Non-Hodgkin's Lymphoma

What is Non-Hodgkin's Lymphoma (NHL)?

Non-Hodgkin's lymphoma (NHL) is a type of cancer that affects the lymphatic system, which is a major part of the immune system. It is a cancer of the white blood cells in the lymph nodes and other parts of the body, including the spleen, liver, thymus, and bone marrow. The lymphatic system includes organs and tissues throughout the body that produce, store, and carry white blood cells. NHL is not a single disease, but a group of closely related malignancies or cancers of the white blood cells.

Symptoms of NHL

Most people with NHL do not have any symptoms. When symptoms occur, they may include:

  • Painless swollen glands or lumps in the neck, groin, or armpits
  • Fever
  • Night sweats
  • Weight loss
  • Extreme tiredness or fatigue
  • Itching skin
  • Pain or feeling of fullness in the abdomen

Diagnosis of NHL

If NHL is suspected, the doctor will likely order certain tests, such as:

  • Blood tests
  • X-ray
  • CT scan
  • MRI scan
  • Biopsy

A biopsy is the most important test for diagnosing NHL. During a biopsy, the doctor removes a sample of cancerous cells and studies them under a microscope. This helps the doctor identify which type of NHL is present, and whether it is indolent or aggressive.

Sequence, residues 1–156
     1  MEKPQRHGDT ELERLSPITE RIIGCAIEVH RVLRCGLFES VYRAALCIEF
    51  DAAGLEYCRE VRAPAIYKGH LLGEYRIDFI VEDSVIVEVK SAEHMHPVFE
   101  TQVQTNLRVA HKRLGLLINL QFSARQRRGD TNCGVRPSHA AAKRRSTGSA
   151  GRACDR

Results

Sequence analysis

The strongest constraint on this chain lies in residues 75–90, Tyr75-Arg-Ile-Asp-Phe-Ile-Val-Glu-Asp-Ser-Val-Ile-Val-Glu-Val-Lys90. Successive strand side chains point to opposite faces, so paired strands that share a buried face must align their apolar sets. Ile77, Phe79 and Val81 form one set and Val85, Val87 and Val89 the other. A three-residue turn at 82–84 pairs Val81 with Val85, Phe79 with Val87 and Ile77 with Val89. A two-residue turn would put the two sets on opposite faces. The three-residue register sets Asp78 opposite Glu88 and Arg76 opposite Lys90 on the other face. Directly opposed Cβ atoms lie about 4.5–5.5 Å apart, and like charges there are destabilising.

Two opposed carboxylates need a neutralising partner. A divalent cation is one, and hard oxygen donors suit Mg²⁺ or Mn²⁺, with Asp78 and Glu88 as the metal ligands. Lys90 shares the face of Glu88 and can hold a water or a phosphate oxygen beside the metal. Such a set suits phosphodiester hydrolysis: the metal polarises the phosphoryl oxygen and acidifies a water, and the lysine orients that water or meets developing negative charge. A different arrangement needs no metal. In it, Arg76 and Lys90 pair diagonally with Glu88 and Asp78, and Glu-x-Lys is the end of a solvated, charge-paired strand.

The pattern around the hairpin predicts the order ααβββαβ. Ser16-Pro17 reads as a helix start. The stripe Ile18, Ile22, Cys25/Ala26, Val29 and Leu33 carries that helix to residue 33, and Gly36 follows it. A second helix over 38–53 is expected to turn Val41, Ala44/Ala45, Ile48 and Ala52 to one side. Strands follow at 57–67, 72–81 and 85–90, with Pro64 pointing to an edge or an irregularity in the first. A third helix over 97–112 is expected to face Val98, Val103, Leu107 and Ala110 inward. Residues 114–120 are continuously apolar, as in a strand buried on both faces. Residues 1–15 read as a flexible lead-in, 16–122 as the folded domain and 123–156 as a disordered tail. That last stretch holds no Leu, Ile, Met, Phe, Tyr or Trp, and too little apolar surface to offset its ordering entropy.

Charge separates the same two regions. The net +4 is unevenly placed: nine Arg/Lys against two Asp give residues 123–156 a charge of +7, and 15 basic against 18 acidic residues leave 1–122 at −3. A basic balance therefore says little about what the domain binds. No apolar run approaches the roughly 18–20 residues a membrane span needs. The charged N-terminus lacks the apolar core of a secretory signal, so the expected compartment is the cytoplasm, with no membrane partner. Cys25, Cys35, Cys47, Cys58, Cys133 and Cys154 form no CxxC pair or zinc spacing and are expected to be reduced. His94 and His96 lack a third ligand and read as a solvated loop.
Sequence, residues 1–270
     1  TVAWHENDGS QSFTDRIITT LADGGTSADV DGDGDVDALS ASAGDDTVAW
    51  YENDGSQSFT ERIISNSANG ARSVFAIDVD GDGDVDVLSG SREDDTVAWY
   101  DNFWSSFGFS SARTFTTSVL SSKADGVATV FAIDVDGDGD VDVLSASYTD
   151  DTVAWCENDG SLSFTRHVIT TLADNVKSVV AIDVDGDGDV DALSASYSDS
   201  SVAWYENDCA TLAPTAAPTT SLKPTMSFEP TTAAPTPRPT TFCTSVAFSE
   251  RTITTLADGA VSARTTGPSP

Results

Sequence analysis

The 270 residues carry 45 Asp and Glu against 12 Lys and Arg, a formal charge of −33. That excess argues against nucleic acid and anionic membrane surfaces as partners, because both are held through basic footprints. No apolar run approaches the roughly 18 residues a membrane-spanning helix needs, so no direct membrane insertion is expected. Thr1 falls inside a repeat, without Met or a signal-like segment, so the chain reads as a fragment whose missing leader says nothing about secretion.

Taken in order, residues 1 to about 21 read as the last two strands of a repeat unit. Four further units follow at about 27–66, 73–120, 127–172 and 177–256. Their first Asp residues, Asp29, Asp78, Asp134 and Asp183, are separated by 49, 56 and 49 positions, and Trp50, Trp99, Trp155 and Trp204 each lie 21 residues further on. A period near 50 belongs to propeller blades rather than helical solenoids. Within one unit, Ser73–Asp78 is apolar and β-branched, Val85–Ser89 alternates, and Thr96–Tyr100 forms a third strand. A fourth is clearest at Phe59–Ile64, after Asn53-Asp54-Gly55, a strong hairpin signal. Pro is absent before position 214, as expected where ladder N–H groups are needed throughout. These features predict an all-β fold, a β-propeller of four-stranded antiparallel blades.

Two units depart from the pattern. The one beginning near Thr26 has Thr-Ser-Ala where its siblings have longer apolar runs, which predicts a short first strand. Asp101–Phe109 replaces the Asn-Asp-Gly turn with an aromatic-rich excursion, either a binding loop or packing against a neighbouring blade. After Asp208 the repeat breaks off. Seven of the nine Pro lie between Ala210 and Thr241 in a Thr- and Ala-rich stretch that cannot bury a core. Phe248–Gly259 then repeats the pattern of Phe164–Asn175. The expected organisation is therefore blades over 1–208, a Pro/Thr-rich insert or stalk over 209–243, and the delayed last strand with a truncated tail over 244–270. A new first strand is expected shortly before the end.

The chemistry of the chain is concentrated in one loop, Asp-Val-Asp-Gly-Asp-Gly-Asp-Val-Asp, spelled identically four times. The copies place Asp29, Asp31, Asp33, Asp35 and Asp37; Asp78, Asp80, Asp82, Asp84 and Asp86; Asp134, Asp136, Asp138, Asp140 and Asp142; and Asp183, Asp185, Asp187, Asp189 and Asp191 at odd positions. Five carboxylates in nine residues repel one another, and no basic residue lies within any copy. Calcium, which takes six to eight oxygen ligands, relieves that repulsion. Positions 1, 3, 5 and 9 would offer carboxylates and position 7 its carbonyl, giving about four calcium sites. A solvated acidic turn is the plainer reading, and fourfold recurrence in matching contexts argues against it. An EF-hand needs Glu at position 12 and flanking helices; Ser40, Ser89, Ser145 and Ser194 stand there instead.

Treatment of NHL

Treatment for NHL is determined by the stage of the cancer, the type of NHL, the patient's age and overall health, and other factors. Treatment may include:

  • Chemotherapy
  • Radiation therapy
  • Immunotherapy
  • Stem cell transplantation
  • Surgery

The goal of treatment is to destroy the cancer cells and improve the patient's quality of life. Treatment options may be used alone or in combination, depending on the diagnosis and location of the tumors.

Outlook and Prevention

The prognosis for NHL depends on the stage and type of NHL, the patient's age and overall health, and the response to treatment. Some types of NHL can be cured with treatment, while others may be difficult to control with treatment.

The exact cause of NHL is not known. There is no sure way to prevent it, but there are some things that may help lower your risk:

  • Minimize your exposure to toxic chemicals and environmental pollutants.
  • Avoid tobacco and second-hand smoke.
  • Eat a healthy, balanced diet with plenty of fruits, vegetables, and whole grains.
  • Exercise regularly.
  • Get recommended vaccinations to help protect yourself from illnesses that can weaken the immune system.